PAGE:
Paddy Considine once again shows he’s a man of many, many talents.
Paddy Considine's sophomore effort as writer/director sees him taking centre-stage in a powerful tale ripe with superb performances.Paddy Considine made a name for himself as an actor way back when he made his debut appearance starring in Shane Meadows’ A Room For Romeo Brass, a role that was both incredibly cute and playful but carried with it a very dark edge. His acting and writing collaborations with Meadows would continue and see him play Richard in Dead Man’s Shoes - a powerful and memorable, not to mention violent, dramatic thriller. Since then Paddy has gone on to star in many other smaller roles, staying primarily within the wings, not stepping into the lime light.But now, Paddy has stepped up to the plate with a film (ten years in the making) that he not only stars in as the leading man but that he both wrote and directed. There have been a number of boxing films released over the years, Rocky and Raging Bull to name two of the best, but there hasn’t been a film that delves into the effects of boxing and possible consequences that can arise- both physically and mentally. Journeyman does exactly this but it simultaneously tells a wonderful story of love, family and a fight to hold onto the things and people you hold dear.
World Champion Matty Burton (Considine) has already got a title win under his belt, but speculation and dispute over the circumstances of his win continue to overshadow his incredible success. So when an opportunity to lay to rest any doubts and defend his title comes up, Matty understandably rises to the challenge. With the support of his close friends who also double up as his training and coaching team, as well as his love wife Emma (Jodie Whittaker), Matty sets about preparing for one last fight, a fight to once and for all show the world what he’s made of. Determined to take him down a peg or two is the cocky and arrogant challenger Andre Bryte (Anthony Welsh) who is dead set on taking the title from Matty to show everyone what a fake and phoney he really is. Neither Matty not Emma could possibly anticipate what follows nor prepare themselves for the impact that this final fight has upon their lives.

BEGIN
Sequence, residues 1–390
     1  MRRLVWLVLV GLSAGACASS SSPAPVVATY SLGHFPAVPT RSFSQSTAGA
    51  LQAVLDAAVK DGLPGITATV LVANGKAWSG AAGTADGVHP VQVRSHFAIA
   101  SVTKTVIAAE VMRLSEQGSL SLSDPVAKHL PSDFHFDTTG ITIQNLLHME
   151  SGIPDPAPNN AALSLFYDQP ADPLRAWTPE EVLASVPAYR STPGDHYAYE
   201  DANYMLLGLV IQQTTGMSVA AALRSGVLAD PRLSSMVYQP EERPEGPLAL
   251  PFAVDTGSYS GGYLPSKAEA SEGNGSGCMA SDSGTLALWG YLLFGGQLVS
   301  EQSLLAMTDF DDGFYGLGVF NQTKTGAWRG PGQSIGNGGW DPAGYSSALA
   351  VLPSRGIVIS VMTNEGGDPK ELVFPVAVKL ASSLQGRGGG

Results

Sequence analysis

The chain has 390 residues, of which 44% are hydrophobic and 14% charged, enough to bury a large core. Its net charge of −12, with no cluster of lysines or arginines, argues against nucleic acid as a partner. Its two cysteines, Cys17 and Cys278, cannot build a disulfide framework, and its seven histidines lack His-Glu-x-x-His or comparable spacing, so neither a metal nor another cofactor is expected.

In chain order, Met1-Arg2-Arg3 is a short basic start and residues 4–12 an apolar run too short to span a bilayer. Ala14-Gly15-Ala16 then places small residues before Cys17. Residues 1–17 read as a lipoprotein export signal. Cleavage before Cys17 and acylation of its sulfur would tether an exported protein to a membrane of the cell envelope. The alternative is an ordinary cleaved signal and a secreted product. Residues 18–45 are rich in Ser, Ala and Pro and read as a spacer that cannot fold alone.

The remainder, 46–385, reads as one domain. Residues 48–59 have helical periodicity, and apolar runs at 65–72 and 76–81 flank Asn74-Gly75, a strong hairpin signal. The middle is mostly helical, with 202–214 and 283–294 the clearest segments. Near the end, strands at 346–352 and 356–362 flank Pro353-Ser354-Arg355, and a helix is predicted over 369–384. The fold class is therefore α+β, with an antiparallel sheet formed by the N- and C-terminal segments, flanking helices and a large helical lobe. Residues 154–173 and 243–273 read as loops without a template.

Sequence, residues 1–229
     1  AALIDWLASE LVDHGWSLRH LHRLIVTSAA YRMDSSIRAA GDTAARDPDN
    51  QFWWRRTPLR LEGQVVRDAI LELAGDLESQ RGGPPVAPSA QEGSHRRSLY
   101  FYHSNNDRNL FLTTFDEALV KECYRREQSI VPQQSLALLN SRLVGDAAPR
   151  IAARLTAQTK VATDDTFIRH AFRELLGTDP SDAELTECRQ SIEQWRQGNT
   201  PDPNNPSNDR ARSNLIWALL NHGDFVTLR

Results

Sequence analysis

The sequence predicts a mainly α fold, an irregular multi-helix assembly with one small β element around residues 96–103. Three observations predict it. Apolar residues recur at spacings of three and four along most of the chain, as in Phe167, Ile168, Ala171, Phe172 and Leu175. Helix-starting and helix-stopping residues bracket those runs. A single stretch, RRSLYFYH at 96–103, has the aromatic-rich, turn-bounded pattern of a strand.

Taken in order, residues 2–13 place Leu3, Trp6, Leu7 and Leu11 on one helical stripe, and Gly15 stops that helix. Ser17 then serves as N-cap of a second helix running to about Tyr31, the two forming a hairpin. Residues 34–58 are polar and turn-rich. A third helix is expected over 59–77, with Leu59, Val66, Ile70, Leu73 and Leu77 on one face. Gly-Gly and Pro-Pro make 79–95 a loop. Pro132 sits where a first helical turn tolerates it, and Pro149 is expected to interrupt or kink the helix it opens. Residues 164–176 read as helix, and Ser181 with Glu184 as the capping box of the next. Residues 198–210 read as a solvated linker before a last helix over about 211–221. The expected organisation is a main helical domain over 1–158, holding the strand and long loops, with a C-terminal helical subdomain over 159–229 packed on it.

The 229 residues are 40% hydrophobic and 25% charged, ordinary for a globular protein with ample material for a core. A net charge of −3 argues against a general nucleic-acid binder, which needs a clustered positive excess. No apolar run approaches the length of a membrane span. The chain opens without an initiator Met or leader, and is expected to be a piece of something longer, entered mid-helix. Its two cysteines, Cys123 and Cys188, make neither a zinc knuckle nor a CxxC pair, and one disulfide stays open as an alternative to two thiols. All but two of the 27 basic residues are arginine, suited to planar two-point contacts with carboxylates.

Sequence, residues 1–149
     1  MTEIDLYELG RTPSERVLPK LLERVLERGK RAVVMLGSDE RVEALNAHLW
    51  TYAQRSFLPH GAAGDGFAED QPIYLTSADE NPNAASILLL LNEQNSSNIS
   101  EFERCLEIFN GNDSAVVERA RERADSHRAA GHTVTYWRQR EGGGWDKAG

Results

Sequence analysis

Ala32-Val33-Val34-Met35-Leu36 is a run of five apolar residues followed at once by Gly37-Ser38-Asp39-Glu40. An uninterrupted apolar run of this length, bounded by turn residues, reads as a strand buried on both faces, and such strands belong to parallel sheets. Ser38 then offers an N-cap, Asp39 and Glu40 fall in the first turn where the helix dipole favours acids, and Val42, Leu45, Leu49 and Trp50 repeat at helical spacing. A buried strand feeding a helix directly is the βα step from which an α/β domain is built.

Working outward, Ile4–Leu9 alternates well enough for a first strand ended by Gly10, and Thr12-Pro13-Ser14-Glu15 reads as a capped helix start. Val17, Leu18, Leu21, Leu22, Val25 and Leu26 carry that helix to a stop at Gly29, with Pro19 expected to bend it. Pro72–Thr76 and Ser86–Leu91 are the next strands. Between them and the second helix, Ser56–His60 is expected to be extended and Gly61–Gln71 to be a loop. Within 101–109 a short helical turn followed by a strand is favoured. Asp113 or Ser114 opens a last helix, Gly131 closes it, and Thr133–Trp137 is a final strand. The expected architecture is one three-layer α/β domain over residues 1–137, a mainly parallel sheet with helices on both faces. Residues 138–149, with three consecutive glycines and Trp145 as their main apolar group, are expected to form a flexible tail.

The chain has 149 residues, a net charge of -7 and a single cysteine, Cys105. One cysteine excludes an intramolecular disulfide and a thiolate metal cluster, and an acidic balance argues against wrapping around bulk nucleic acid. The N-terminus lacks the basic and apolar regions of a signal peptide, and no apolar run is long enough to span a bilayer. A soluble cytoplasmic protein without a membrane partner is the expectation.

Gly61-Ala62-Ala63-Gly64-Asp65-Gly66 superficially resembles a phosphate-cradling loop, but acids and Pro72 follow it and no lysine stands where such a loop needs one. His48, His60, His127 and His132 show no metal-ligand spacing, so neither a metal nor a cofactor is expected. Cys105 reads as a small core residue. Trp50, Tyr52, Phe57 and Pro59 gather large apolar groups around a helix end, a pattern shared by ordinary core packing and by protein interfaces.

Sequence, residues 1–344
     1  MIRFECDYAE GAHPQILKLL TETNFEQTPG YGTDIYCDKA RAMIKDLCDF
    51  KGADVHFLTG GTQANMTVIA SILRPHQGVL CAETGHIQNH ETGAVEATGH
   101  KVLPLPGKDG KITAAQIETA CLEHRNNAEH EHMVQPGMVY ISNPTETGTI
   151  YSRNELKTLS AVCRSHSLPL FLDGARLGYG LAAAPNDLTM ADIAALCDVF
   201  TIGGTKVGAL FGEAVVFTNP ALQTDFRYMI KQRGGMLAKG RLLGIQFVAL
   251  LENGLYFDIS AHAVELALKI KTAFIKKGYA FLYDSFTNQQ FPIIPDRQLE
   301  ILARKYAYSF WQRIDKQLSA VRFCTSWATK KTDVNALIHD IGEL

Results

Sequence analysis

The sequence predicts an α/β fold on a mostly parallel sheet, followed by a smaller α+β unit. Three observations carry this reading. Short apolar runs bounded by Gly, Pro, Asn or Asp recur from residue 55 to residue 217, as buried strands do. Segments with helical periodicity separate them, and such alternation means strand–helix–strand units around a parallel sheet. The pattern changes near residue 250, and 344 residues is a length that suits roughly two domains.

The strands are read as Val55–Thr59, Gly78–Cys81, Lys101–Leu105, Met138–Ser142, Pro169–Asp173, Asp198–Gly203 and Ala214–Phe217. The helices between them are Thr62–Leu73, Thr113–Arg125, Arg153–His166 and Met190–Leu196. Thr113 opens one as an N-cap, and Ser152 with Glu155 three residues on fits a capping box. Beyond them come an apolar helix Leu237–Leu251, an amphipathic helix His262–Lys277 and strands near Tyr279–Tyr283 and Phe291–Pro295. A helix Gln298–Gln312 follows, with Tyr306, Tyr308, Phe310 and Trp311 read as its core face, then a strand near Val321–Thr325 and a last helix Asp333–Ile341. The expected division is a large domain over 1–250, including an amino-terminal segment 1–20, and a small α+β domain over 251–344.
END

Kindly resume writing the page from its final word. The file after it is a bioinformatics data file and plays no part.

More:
Journeyman is an incredible film that is foregrounded in the world of boxing but sidesteps away and delivers a powerful story of a lesser discussed side to the oftentimes brutal sport. At the risk of spoilers, and to be perfectly honest Journeyman works best if you know nothing about the film, I have purposefully avoided going into any detail on the main storyline. So if you can, avoid any trailers and any reviews that go into the films detail because the film's power comes from going in unprepared and unsuspecting. There are some very emotionally intense scenes (bring a tissue!) but they all work cohesively within the framework of the film as a whole. Considine uses the family home within the narrative, quietly commenting on its significance, and using it to demonstrate how everything has changed within Matty’s world. Making this his second feature film, following Tyrannosaur back in 2011, Considine has definitely cemented his status as a more than capable writer and director, and I for one, can’t wait to see what his next project will entail.
Journeyman is a truly wonderful if at times emotional film, one that tells a story about real people without the need of fancy visual effects or an elaborate narrative.
Paddy Considine once again demonstrates that as an actor he has many, many facets. In a role that must have been incredibly emotionally draining, he delivers a performance that is heart breaking in places and intensely unpredictable in others. The performance is well researched and perfectly nuanced and the chemistry between him and Whittaker is palpable; the scenes with the two of them together are the film's strongest points. Their relationship is both loving and brutal and the film doesn’t shy away from showing this. Whittaker is brilliant as Emma who is pushed to limits she never thought possible. My only criticism is that she isn’t used enough throughout the film. There are moments when Emma’s point of view could have really punctuated the film and added another dimension - but I fully appreciate that this is a film about Matty Burton. The supporting roles from Matty’s boxing team, Paul Popplewell and Tony Pitts, add some humour and show just how much Matty has affected those around him.
Journeyman is a truly wonderful if at times emotional film, one that tells a story about real people without the need of fancy visual effects or an elaborate narrative. It’s simple and that’s the beauty of it. Yes it’s about boxing but there is so much more to it. Paddy Considine is utterly brilliant and Jodie Whittaker is the perfect choice to stand next to him here. A great film that hopefully won’t go under the radar and will instead get the praise that it deserves.
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